Tuesday, 10 March 2015

Digital vs Human

Final keynote of this DigiFest is from Richard Watson, writer, speaker and consultant who advises organisations on the future.

His talk was entitled Digital vs Human, and was actually about reducing, or limiting our use of technology. Some brief notes from an entertaining speech:

This year there will be more phones than people.
75% of 10 year olds in UK have a phone.
Voice traffic going down, text and image based rising.
Increasingly we are communicating with each other through a screen. Does it matter?
With text, there is no tone, no body language.
Even with Skype lose important elements of communication.
Can lose as much as 90% of clues without voice tone and body laguage
We are communicating more than before, but how much is being understood.

Recent research shows that on average we check our phones once every 390 seconds.
This sort of activity leads to "Constant partial attention"

When it comes to things that matter, nothing is better than face to face contact
Digital communications should be used to enhance relationships, not replace them.

Average office worker gets distracted every 11 minutes, can take 40 minutes to get back to where they were. A constant apprehension of being distracted causes big productivity loss

Could smart machines end up taking our jobs?
Possibly. Robots in have been in car assembly since 70s
But we are now on the cusp of smart machines making in-roads into many jobs.
Gartner suggests 1:3 jobs redundant by software by 2025
Robots are already being used in kindergartens and care homes in Japan

So, what can we do that machines are dreadful at? What makes us different?
Humans are curious
Like to interact physically
Highly creative
Care about welfare of other humans

If you can connect with people emotionally, your job might be safe :-)

Some consequences of interacting with digital and mobile devices. We are making conscious choices to avoid people, physical relationships. Simulations of life are more captivating than real life.

Attention spans are shorter now in children. Books are too long and boring. Solution, - more screens and more interactive content. But, isn't that making things worse?

There is a loss of deep thinking. Screens are great for finding and discovering stuff.  But no focus, no contextual thought.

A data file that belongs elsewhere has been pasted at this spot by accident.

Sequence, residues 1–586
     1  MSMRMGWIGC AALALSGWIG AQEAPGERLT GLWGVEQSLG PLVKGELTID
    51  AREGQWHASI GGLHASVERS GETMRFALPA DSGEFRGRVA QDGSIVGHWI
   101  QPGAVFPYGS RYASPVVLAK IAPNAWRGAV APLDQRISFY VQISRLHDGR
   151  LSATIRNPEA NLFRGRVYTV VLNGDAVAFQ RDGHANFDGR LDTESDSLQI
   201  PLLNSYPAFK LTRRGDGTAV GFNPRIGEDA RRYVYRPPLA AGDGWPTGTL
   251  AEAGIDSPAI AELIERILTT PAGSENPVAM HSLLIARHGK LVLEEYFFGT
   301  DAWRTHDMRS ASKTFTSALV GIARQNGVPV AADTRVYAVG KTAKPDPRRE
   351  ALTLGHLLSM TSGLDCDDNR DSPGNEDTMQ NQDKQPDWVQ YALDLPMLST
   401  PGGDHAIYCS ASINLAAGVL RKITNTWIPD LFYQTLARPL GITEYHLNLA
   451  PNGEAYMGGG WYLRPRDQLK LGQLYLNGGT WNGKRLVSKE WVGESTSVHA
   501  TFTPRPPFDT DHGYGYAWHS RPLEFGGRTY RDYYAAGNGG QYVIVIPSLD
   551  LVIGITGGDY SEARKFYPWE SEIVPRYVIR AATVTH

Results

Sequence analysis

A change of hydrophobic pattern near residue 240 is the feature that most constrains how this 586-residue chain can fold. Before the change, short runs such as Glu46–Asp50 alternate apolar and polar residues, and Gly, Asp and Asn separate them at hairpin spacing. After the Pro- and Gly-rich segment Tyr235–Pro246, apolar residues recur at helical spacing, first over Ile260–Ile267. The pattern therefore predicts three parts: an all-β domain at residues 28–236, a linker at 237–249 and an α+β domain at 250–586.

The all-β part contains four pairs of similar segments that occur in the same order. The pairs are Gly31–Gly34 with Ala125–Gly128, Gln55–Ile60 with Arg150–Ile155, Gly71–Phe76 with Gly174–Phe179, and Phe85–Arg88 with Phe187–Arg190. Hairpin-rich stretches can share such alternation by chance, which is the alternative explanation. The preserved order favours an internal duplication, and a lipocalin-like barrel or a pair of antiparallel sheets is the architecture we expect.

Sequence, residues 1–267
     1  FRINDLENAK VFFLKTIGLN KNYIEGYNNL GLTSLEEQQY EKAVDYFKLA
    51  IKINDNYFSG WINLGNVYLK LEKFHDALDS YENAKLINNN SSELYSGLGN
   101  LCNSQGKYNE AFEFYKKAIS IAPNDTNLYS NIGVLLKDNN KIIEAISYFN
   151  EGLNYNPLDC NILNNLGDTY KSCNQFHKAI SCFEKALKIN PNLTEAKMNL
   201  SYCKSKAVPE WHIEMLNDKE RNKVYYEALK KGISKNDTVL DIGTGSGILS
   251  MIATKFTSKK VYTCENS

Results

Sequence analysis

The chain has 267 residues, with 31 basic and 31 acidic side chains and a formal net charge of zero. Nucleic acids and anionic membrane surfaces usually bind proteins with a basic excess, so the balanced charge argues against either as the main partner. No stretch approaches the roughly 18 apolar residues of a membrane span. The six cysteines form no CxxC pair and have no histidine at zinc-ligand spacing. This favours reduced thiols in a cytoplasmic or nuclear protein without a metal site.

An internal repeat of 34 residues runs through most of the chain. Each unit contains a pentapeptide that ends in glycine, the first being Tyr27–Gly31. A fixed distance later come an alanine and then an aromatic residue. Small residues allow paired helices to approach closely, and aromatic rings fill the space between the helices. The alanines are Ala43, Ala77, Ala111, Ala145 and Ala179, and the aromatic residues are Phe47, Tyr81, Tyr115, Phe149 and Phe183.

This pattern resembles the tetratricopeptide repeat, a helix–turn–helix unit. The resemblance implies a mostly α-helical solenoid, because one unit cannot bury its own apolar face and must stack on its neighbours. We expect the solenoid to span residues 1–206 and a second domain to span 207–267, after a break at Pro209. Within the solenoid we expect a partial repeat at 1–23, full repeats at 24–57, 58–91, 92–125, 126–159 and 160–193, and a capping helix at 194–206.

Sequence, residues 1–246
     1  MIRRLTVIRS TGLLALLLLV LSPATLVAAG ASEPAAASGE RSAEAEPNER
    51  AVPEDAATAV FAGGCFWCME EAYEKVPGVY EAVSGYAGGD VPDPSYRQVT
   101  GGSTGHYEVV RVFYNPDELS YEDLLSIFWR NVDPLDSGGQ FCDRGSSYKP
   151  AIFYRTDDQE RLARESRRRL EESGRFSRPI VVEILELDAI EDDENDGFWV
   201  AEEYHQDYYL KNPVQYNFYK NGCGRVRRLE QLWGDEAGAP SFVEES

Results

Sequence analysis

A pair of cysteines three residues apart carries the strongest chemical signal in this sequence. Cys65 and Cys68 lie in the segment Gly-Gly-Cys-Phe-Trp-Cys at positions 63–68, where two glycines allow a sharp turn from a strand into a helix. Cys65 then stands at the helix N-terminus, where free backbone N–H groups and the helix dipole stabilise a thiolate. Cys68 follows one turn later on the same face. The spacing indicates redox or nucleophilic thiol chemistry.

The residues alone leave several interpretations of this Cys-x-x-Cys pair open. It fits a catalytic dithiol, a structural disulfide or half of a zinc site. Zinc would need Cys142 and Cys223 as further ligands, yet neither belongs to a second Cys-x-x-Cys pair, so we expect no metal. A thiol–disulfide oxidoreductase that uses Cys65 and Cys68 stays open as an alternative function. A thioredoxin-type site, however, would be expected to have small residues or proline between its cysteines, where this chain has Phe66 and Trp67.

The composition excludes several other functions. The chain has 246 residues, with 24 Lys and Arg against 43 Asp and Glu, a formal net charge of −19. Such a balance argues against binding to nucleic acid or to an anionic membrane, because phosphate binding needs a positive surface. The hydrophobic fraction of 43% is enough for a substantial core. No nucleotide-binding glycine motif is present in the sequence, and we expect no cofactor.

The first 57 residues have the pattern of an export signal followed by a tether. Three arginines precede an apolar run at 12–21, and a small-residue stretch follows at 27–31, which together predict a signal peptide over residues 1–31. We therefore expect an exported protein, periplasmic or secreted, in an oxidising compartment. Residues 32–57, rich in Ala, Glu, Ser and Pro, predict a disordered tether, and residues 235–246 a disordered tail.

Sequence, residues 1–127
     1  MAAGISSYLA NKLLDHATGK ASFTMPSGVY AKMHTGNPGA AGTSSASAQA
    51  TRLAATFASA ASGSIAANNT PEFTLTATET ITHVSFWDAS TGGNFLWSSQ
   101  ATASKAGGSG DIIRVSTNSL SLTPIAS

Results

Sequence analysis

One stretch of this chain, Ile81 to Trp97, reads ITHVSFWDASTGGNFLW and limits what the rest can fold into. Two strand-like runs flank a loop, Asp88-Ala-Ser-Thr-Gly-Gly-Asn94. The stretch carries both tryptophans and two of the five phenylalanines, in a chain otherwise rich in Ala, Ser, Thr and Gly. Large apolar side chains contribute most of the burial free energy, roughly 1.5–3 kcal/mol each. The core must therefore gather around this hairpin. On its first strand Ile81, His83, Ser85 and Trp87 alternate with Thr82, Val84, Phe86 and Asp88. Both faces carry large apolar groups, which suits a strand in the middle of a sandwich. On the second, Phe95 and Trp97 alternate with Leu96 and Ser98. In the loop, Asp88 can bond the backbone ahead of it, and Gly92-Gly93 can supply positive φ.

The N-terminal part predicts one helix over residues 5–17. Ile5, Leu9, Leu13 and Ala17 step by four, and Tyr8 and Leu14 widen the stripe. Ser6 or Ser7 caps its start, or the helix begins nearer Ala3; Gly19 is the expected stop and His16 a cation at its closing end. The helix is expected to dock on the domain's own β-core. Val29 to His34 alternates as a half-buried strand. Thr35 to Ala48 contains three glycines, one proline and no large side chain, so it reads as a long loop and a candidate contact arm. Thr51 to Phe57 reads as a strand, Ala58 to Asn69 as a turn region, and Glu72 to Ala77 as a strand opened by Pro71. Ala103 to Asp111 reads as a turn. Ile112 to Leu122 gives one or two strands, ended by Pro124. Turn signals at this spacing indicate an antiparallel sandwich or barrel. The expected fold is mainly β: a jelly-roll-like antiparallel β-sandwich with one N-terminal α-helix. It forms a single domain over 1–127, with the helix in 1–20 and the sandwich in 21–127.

Only 1% of people searching on Google get past the first page of search results.

Digital technology should be used to enhance human skills and behaviour not replace it. It's not digital vs human, but digital and human

Three suggestions from him:

Switch off
Ritualise being without our devices for a day a week. Switch off work device after 7. Switch mind off. If you want to have a good idea, stop trying to have a good idea. Silence, stillness, slowness should be valued.

Understand strengths and weaknesses of different technologies
Match the technology to the task. Paper and pixels are different. Screens are useful for connecting short bits of information. Great for collaboration and finding stuff
Paper good for complex arguments, contextualisation.
Work out the best technology to use. A pencil is much a piece of technology as an iPad

Important to get enough. Essential for physical and mental health and ideas.
Sleep on it is a good phrase. When we sleep the brain processes information and assimilates information as memories. Filters stuff. Links ideas to extract meaning.
Used to go to bed to sleep. Now bedrooms are media rooms or offices. Type of light in kindles and iPads disturbs our sleep patterns.
People used to sleep around 9 hours a night. Recommendation used to be 8 hours, now it's 7.
Sleep on that.

So, at the end of a Digital Festival, we have a call to reduce our use of digital. Interesting ;-)

Great conference, really enjoyed, it apart from seriously spraining my ankle and having to limp around for most of the day.

- Posted using BlogPress from my iPad

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